Recently there has been a video floating around called 'Mic Check - The Idiocy of Mumble Rappers' by Team Back Pack. The video goes on to explain some important facts about hip-hop such as; hip hop started in 1973 (which is a year not a day, but who am I to be a stickler for facts.) or that the Father of Hip-Hop is DJ Cool Herc. But one very big fallacy that the video states is that artist like Lil Yachty and Lil Uzi Vert are not MCs, in the sense that they do not spit hot 16 bars or complicated multi-syllable rhymes that took hours to think of. But why does this type of music get such a bad rap from the hip-hop community?
Hip-hops origins started in the streets namely the block parties. The block party was where people gathered in the streets to party and dance and birthed the genre of Hip-hop. The feeling that you get when a hip-hop track is put on, so hip-hop is a feelin. But back to the video and its stance on some of the up and coming rappers not being hip-hop. In the early stages of hip-hop the MC was more of a hype man than a lyrical genius, and was not the focal point of records that we know today. As seen on the NetFlix movie 'The Get Down' the MC would shout lyrics such as 'Let Me Hear Everybody Say Ho..., which is the same style that the video is knocking. One major fact that the video leaves out is that Hip-Hops first #1 hit was "Rapture" that was made by a group called Blondie, who since the songs release has gotten numerous acknowledgements from MCs such as KRS-One for its importance to hip-hop. Another fact is that no song is more recognizable and has more influence on the creation of hip-hop than the Sugar Hill Gang's "Rapper Delight". Which comparing the styles of songs that Lil Uzi Vert has made is the same feeling that the Sugar Hill Gang tried to give you on "Rappers Delight". So to say that Lil Uzi Vert is not hip-hop are they saying that The Sugar Hill Gang also is not hip-hop?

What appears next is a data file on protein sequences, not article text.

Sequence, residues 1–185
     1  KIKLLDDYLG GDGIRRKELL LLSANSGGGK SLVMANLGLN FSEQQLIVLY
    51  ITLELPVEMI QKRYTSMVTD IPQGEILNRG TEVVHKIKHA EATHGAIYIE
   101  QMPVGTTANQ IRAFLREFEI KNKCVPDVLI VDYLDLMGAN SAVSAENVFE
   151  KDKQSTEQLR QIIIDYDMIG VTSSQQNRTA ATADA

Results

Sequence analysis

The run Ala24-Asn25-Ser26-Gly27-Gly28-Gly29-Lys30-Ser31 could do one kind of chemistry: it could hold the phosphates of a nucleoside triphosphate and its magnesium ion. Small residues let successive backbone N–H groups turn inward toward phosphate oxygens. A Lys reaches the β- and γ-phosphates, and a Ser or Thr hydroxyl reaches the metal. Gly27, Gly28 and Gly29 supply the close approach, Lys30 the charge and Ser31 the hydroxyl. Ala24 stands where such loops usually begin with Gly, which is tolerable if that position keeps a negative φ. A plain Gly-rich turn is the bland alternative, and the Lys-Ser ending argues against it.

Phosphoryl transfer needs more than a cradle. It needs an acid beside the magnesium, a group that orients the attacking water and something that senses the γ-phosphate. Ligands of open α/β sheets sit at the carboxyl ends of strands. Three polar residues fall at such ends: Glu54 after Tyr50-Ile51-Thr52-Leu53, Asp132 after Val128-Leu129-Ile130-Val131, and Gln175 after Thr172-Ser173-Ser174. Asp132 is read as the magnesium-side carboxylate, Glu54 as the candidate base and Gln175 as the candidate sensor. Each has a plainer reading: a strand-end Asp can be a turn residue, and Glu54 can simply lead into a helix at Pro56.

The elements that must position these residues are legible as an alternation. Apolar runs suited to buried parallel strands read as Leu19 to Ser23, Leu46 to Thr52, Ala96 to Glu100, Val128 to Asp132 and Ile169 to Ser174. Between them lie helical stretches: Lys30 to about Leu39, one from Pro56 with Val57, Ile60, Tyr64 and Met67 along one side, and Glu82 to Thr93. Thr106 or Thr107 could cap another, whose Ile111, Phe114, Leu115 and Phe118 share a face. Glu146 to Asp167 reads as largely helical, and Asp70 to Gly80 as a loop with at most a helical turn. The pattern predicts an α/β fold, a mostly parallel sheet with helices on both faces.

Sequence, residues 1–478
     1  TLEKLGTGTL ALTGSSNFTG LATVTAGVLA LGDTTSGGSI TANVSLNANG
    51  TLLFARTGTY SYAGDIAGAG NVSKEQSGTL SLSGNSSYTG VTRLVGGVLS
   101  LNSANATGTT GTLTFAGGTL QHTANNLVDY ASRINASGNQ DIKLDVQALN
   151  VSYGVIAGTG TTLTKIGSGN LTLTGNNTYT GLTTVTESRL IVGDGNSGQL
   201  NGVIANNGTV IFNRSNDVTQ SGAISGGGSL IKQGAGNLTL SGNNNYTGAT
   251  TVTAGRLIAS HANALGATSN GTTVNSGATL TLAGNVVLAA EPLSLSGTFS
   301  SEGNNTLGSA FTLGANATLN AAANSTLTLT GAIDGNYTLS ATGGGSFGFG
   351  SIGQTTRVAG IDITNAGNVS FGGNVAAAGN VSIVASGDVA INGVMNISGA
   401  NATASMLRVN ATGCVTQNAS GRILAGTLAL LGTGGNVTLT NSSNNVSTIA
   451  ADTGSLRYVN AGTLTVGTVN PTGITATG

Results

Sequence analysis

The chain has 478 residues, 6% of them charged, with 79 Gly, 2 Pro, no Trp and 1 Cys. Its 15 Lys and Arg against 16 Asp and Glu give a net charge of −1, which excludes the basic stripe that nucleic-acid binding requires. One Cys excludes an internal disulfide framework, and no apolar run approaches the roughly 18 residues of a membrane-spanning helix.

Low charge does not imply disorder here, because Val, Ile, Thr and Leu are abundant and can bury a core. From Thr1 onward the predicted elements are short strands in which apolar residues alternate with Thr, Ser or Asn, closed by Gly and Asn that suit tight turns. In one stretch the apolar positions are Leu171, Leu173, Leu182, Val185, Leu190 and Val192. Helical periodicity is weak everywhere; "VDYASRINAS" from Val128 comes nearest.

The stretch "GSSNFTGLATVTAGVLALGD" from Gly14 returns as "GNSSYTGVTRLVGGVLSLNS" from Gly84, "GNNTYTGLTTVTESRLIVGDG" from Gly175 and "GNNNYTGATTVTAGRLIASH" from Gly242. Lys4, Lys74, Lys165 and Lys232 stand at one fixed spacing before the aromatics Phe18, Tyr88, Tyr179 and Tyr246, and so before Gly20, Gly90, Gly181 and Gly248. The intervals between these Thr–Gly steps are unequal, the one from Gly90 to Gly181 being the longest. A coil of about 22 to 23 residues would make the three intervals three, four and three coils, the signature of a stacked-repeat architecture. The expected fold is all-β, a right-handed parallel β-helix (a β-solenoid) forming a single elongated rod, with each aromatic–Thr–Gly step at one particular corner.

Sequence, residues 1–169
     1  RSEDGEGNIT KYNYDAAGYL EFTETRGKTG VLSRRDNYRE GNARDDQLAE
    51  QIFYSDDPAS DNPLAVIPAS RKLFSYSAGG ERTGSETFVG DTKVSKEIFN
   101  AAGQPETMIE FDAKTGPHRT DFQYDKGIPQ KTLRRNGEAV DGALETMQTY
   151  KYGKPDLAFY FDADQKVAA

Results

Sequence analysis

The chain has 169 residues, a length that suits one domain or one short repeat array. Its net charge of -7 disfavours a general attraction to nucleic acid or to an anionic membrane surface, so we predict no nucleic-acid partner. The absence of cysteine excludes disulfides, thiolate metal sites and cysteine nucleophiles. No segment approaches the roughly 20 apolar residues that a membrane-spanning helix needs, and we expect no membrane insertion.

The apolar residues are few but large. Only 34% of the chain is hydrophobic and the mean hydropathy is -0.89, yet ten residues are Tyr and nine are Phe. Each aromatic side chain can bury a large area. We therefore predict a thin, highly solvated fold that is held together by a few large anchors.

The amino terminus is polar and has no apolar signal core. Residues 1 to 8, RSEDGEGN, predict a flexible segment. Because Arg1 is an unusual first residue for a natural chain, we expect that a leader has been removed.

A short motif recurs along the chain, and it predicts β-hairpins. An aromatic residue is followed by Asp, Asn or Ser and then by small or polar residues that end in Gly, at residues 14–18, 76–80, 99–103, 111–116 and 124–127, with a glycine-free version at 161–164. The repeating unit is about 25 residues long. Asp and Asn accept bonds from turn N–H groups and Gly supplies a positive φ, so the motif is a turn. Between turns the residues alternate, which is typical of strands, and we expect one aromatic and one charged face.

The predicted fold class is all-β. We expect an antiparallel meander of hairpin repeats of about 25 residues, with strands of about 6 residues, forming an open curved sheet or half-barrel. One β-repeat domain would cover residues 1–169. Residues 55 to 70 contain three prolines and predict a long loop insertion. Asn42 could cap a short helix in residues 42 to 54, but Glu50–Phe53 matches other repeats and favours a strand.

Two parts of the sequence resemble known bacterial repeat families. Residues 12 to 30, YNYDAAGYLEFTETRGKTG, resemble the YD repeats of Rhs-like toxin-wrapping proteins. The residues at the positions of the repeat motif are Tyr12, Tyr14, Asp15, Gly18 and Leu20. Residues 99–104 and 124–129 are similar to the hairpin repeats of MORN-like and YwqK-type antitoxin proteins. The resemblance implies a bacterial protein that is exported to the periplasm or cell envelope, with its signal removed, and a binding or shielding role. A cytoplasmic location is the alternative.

There definitely is a reason why some of the older generation is feeling a disconnect from this new and up-and-coming generation of hip-hop. One reason is that in the grand scheme of music genres hip-hop is still learning how to age. Hip-hop has for the most part always been a young man sport, so now that there are generations of hip hop there is now a learning curve for how does hip-hop age. How do we bridge the generational gaps that are developing in the hip-hop community? I agree that Lil Yachty did not help himself by saying that "Nigggas is not doing spin moves on cardbord boxes any more" (i.e. b-boyin), but sense hip-hop has always been about the MCs music being a product of their reality maybe b-boyin is something that is not apart of his reality. That doesn't mean he is stupid, but just ignorant to the fact that b-boyin still goes on to this day. A solution to this problem would be for the hip-hop community to educate Lil Yachty on hip-hop and the important elements of hip-hop such as b-boyin or graffiti writin instead of knockin him.
Another argument is that Lil Yachty doesn't know 5 songs from 2Pac or Biggie. Is this soo much a crime, that he doesn't deserve to be apart of hip-hop? In our everyday lives we all have jobs, but can any of us say that we know the top 5 in our field or industry? For example, who is the top fry cook in the world? Can you name the top Call Center representative in the world? Can we personally walk bye someone's work and know that this was done by one of the best in our industry? My guess is no, so why is a rapper who also doesn't seen as a bad person. Again it is our job to not only educate the younger generation, but to also educate ourselves and ask the same things of ourselves.
This video states what many people in the hip-hop community are feeling, namely the generational gap that exists in hip-hop. But what this video fails to state is the responsibility of the hip-hop community to not only state facts, but to educate. Educate ourselves as well as educate the younger generation and to further open up the dialog between the two generations. Because one genre that failed to bridge this gap similarly to hip-hop was Disco, And we all know what happened to Disco. So the next time you go knockin a hip-hop artist like Lil Yachty or Lil Uzi Vert I challenge you to open up the dialogue and listen to a song or two both old and new.